OPINION: Life does not begin at 40, it just gets tougher and more complicated
PUBLISHED: 11:24 23 August 2020 | UPDATED: 11:24 23 August 2020
Our new weekly column The Second Half looks at the crazy journey thorough life after 45
Welcome to The Second Half – a new weekly column focusing on something we’re all enduring on a daily basis – getting older.
As a keen football fan for most of my life I’ve borrowed the title from the second half of football matches – the half that’s normally full of action and drama when teams go for the win. Hopefully that analogy will apply to the second half of my life.
I’ve based all this on the fact that I’m 45, so in football terms, I’m at half-time. With a 94-year-old grandad who still keeps the same hours he would have done in the Royal Navy 75 years ago, I’ve hopefully got enough of his genes in my tank to ensure I’ll get to at least 90.
So, how has the second half been so far? Well I hit 45 on the day that Boris Johnson hinted at a change to our behaviour due to this coronavirus thing that he wasn’t really worried about.
One week before lockdown was officially announced I spent some of Monday, March 16, walking around a branch of Sainsbury’s looking at how little pasta and toilet roll was on the shelves and worrying what I was going to feed the kids. Lunch was a meal deal in the car park. It’s hardly been an exciting start.
But I don’t really want to fill this page every week with doom and gloom and it’s not going to be all about man boobs and going grey either.
I’ve written several articles over the last couple of years celebrating the elderly, from pensioners that run regularly, to how this army of intelligent and savvy 50, 60, 70 even 80-year olds still have a relevant place in our society.
Even at 45 I can see that people of a certain age are written off by society and that can’t be right. My grandad is only five-and-a-half years off hitting 100 and he still makes his own lunch, bakes his own bread and blurts out the answers to Pointless like he’s going for the big prize on Who Wants To Be a Millionaire?
I’ve always been pretty positive about getting older and now feel very comfortable being 45. I’ve started making that weird exhaling noise when I sit down or when I get up from off my knees after recovering a toy from under the sofa. I even found myself tapping the top of my pal’s car last week when he drove off after we’d met up. They’re both in the DNA of what it means to be middle-aged.
This week, though, I want to do away with the myth that ‘Life begins at 40’.
I don’t buy it at all. I say hitting 40 is tough for two main reasons. Firstly you realise that you’re not ‘young’ any more. You may still feel young but you realise that there’s now a whole new generation of adults beneath you. It’s 22 years since you were 18 and there’s a whole load of culture out there that doesn’t seem like it’s for you any more. I mean I’m 45 and still haven’t got Netflix. I spent a portion of last week doing a 1,000 piece jigsaw puzzle I bought at a car boot sale for 50p and I have an addiction to buying beer glasses. These are not the habits of someone in their 20s.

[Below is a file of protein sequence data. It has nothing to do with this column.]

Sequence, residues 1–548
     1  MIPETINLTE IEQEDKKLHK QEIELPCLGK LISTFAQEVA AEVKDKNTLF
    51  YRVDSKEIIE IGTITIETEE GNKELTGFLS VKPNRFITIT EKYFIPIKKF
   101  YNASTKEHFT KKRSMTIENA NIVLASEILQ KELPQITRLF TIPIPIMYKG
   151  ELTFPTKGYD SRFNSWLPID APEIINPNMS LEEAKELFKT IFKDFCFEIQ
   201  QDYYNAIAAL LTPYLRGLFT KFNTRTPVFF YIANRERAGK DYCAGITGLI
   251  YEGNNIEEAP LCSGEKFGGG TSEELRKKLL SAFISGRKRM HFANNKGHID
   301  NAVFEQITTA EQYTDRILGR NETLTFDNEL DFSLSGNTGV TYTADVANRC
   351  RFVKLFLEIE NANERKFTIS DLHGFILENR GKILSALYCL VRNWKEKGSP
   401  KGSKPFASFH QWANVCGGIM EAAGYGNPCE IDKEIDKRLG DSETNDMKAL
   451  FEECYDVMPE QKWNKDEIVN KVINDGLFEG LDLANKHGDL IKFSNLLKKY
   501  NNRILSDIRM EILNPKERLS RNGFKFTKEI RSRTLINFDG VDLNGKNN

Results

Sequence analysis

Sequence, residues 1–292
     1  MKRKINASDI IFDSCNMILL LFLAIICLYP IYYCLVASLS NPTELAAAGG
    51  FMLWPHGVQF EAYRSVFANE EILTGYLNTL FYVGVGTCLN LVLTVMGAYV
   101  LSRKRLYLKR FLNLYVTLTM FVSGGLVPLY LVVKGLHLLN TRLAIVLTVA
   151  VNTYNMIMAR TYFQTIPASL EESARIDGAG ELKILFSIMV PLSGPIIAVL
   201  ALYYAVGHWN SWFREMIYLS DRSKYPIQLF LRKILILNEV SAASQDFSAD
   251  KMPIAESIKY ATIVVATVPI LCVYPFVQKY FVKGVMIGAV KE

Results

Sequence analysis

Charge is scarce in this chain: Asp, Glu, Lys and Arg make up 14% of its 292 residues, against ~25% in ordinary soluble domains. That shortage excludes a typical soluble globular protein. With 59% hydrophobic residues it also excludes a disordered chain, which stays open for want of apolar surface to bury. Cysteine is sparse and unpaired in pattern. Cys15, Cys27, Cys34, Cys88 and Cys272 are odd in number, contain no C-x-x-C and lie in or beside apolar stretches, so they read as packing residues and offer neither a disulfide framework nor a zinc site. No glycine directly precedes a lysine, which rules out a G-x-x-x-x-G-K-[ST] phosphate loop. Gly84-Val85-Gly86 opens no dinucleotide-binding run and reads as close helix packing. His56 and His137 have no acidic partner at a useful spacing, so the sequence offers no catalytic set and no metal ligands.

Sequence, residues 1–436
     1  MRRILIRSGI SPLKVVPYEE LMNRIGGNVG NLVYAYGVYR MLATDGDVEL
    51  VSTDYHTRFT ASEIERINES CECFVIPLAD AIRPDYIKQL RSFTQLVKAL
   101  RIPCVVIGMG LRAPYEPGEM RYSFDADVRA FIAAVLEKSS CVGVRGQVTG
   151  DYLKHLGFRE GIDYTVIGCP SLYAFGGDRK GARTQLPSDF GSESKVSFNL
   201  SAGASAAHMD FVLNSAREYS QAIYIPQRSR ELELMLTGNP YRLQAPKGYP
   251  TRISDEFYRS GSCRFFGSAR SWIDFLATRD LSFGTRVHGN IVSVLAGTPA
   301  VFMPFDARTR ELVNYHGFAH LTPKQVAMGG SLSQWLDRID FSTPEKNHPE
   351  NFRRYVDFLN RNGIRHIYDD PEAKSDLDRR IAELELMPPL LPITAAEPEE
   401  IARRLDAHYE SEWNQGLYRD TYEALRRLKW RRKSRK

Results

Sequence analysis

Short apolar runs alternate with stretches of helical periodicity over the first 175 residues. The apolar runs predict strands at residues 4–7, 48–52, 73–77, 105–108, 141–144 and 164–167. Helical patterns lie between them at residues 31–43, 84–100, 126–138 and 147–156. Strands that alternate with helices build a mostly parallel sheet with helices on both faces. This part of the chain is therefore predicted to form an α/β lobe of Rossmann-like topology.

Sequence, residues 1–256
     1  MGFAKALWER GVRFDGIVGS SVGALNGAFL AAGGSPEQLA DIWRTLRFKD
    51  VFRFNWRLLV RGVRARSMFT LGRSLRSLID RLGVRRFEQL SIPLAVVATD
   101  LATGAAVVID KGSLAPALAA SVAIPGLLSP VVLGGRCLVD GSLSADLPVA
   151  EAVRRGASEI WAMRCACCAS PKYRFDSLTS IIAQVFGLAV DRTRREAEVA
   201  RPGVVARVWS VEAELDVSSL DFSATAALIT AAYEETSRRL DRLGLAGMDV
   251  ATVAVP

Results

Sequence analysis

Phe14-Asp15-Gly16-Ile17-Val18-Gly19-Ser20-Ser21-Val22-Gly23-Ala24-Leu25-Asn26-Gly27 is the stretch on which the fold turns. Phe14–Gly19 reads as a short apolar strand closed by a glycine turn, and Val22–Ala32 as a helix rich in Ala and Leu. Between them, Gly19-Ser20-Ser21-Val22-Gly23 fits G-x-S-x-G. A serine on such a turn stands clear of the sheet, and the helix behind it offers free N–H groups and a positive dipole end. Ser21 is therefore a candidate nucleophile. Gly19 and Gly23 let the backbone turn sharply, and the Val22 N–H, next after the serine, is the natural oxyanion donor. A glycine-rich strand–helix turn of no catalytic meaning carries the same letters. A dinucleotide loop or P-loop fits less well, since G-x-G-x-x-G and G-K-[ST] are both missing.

Secondly I’d argue that entering your 40s is tough for the reason that there’s probably plenty going on above you, below you and to the left and right of you in your family tree. You parents are probably getting forgetful, maybe more demanding of your time or, sadly, in many cases, simply not there any more. You probably start to see yourself more and more in them. I keep thinking what my parents were doing when they were 45, simply because I was there and remember how I felt. I was 16 when my dad was 45 and 19 when my mum got there. It was a time when I still lived at home but being in my late teens, I wrongly saw them mainly as people who funded virtually everything and put a roof over my head.
Now I’m there myself and have children of my own who probably see me as much as a fun and entertaining dad as they do a member of staff who provides everything for them from ensuring their devices are fully charged to wiping their bums.
So there’s plenty of demands all around the life of most 45-year-olds. You are officially sandwiched between generations, probably half way through your working life and probably still not really sure what you actually want to do.
Reading this you’re either around the 45 age or it’s a long way in the future or a long way in the past. If it’s the latter, I hope there’s a smug ‘been there, done that’ smile on your face. If it’s a long way off, enjoy your youth.
And if you’re there or thereabouts, welcome my friend. Strap on in and enjoy the ride with me. We’ll do this together.
If you value what this story gives you, please consider supporting the Eastern Daily Press. Click the link in the orange box above for details.